How Much Strain Can a Package Take?

Dec 14, 2011

Spherical Bend Tests within IPC/JEDEC-9707 Can Reduce Mechanical Failures

Manufacturing processes, handling and printed circuit assembly (PCA) test can put a lot of mechanical stresses on packages, causing failures. As grid array packages get larger, identifying how to set safe levels for these steps becomes more difficult. A new quantitative test methodology within IPC/JEDEC-9707, Spherical Bend Test Method for Characterization of Board Level Interconnects, lets users determine how much strain packages can take before reliability degradation.

Spherical bend puts the most stress on a ball grid array’s (BGAs) corner interconnects,” said Aileen Allen, a reliability engineer at Hewlett-Packard and member of the IPC 6-10d SMT Attachment Reliability Test Methods Task Group that led the effort to develop the standard. “The aim of this test methodology is to impose the worst-case bend mode that the package may see in the field and to determine strain limits that envelope any bend modes that could be seen during manufacturing, assembly or test.”

The test methodology calls for eight points of contact arranged in a circular pattern. A PCA with a single BGA in the center of the printed board is placed component side down onto the support pins, and load is applied on the backside of the BGA. Strain gages are placed adjacent to the component per the recommended gage placement. The PCA is deflected to strain levels of interest, and failure analysis is performed to determine the degree of damage induced by flexing to these strain levels. An iterative approach is used to determine the strain at which no damage is incurred, which is the strain limit.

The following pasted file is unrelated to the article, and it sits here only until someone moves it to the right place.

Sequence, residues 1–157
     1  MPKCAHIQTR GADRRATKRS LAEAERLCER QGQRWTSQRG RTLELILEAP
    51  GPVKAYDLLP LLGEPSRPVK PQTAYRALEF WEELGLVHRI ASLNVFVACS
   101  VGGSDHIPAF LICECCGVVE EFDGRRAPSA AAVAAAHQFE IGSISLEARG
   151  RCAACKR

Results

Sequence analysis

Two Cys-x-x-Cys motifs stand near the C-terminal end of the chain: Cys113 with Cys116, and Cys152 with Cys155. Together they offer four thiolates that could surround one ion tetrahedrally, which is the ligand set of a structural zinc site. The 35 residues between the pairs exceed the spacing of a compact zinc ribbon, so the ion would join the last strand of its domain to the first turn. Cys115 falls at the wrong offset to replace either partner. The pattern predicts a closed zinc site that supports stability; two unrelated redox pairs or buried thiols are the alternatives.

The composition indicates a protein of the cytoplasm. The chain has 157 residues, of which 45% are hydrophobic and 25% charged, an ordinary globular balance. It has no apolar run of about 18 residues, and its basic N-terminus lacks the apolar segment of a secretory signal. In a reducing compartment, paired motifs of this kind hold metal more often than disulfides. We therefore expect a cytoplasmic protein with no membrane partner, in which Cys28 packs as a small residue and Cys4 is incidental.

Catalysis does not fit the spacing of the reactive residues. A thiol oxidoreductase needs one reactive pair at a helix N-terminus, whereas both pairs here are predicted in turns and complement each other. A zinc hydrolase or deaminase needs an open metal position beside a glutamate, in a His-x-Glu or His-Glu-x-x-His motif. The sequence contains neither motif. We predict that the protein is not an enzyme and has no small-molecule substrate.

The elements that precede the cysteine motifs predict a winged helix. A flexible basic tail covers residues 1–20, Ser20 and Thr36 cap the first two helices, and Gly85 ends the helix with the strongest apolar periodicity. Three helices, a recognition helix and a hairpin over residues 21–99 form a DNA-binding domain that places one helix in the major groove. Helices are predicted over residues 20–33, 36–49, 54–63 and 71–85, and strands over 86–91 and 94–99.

These strain limits can then be used in the field to reduce reliability risk by ensuring strain on products do not exceed these limits,” added Allen.

IPC members may purchase the standard for $36. The standard industry price is $72. For more information or to purchase IPC/JEDEC-9707, visit


IPC ( is a global trade association based in Bannockburn, Ill., dedicated to the competitive excellence and financial success of its 3,000 member companies which represent all facets of the electronics industry, including design, printed board manufacturing, electronics assembly and test. As a member-driven organization and leading source for industry standards, training, market research and public policy advocacy, IPC supports programs to meet the needs of an estimated $2.02 trillion global electronics industry. IPC maintains additional offices in Taos, N.M.; Arlington, Va.; Stockholm, Sweden; Moscow, Russia; Bangalore, India; and Shanghai, Shenzhen and Beijing, China.

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